Last Modified: Friday, May 17, 2013 10:24 PM
The Louisiana Senate and others didn't take long to start trashing the $24.7 billion state budget put together by a rare coalition of House Republicans and Democrats. A history-making streak of independence by at least one branch of the Legislature is now being maligned by those who apparently love the status quo.
Gov. Bobby Jindal has been submitting budgets to the Legislature for six years, and piece-meal funding has resulted in five successive mid-year budget cuts. The House has done some minor tinkering with the spending plan over those five years, but the Senate has always bowed to the governor's wishes and put his poorly funded budget back together again.
Things were different in the House this year. Rep. Jim Fannin, D-Jonesboro, had his Appropriations Committee remove some $500 million in one-time and contingency funding from Jindal's budget. He thought it was the only guaranteed way the spending plan could get out of the House that requires two-thirds votes to move speculative budgets to the Senate.
A group of conservative Republicans in the House dubbed "Fiscal Hawks" said, "No dice. We want to put the $500 million back in and rewrite the governor's budget."
And rewrite it they did, with the help of a competent House fiscal staff. No, it isn't perfect and it needs some work, but at least it was a budget of the House's making.
The Senate Finance Committee is also charged with budget writing, and it has the prerogative to change anything in the plan. However, instead of working towards that goal, a handful of critics couldn't wait to lambast the work of the House.
Fannin presented the rewritten budget to the Finance Committee, but with some joking and a hint of sour grapes because he didn't have his way in the House.
"In the past, I've always gotten you a bill that had no flaws in it whatsoever. This one you might check it out a little bit more," Fannin said.
Sen. Fred Mills, R-Breaux Bridge, was critical of revenue from a tax credit for oil and gas producers. He said it only provided for a short-term fix.
"It's almost like a payday loan," Mills said.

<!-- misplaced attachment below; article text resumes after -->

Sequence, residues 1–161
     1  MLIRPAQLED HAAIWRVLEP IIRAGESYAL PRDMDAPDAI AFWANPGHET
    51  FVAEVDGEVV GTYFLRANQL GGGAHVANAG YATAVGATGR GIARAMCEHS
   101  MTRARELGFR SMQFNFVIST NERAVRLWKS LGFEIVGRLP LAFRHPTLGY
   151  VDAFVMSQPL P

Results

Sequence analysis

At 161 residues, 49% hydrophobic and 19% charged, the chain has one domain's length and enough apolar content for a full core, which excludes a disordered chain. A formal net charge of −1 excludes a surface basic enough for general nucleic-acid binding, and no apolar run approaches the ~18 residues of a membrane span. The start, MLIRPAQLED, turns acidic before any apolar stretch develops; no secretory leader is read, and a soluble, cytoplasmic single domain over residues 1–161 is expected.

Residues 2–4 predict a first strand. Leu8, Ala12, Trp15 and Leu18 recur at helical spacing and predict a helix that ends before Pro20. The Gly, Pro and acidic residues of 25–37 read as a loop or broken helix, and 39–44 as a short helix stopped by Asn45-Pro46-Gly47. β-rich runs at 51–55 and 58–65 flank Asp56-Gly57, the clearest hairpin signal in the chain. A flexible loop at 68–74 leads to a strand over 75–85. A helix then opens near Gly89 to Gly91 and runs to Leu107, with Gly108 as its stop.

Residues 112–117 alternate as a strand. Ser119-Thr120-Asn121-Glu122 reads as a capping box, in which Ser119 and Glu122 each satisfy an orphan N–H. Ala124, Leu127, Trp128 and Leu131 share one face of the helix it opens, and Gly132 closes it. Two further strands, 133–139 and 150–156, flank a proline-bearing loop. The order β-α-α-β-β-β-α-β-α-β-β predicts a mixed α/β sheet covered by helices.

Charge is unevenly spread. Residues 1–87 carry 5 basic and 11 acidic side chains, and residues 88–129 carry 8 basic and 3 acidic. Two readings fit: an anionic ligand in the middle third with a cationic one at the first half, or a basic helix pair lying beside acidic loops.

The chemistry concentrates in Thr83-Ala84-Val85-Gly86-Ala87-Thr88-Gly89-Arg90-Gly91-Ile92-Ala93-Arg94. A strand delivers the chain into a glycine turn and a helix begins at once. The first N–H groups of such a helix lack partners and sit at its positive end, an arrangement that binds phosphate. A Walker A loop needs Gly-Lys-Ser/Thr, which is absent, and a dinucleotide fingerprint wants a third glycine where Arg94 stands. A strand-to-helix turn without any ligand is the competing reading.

Dan Juneau, president of the Louisiana Association of Business and Industry, said in his weekly column the ball is now in the Senate's court.
"The key players there must deal with the House budget with its internal booby traps (don't expect the Senate to take them seriously) and the governor's vow to veto any tax increase bills that aren't offset by tax reductions…" Juneau said.
Business and industry do pay an unfair share of state taxes, but they also get $6 billion in exemptions and other tax concessions. Those breaks are good when they are revenue producers. However, once they get them they are never taken back, and even those that are losers aren't tracked down and repealed.
The LABI chief said the likely outcome of the session will be a budget "that would allow the governor to claim success in some fashion for his original goal of the session…"
In other words, higher education and health care, the two favorite whipping boys, would probably get another mid-year, crippling budget cut.
Juneau said when the budget is rewritten the governor, the Senate and Democrats would go home happy "and the Fiscal Hawks would be on the outside looking in."
The Hawks and their Democratic allies deserve better for the efforts they put forth. Rep. John Schroder, R-Covington, a member of the Hawks, admitted everyone wouldn't like the House budget, but maybe that was a sign it was at least a good effort.
The Council for a Better Louisiana took a more reasoned approach when analyzing the work of the House. The non-partisan organization said the House "staged about as open a form of rebellion as you see in the Legislature these days..."
CABL said some good things happened.
"... The House protected higher education from having to rely so heavily on questionable sources of revenue and removed all of the contingent dollars from the general operating budget. In doing so, they used a somewhat balanced approach and all of that is positive. Even so, there are still some problems with their plan,too, and more work on the budget is clearly needed," the organization said.
There is nothing wrong with that, CABL said, "and that's the way the process works."
"Let's face it, after five straight years of cuts and shortfalls, the budget is becoming a real mess. At this stage of the game, there's probably not a whole lot that can be done to pretty it up. But it's in decent enough shape for everyone to find some way to compromise," CABL said.
It's obvious some senators don't like the House budget, so they can fix it. But would it hurt them to show some of the same independent thinking that was so refreshing in the House?
House Speaker Chuck Kleckley, R-Lake Charles, played a key role in that effort and he likes what happened.
"As speaker, I'm proud of the reform progress we've made as it relates to our budget process… It's this type of budget reform that is needed to allow us to have more accurate projections of budget numbers…," Kleckley said.
The people of Louisiana also liked what they saw, and deserve more of it.
• • •Jim Beam, the retired editor of the American Press, has covered people and politics for more than five decades. Contact him at 494-4025 or firstname.lastname@example.org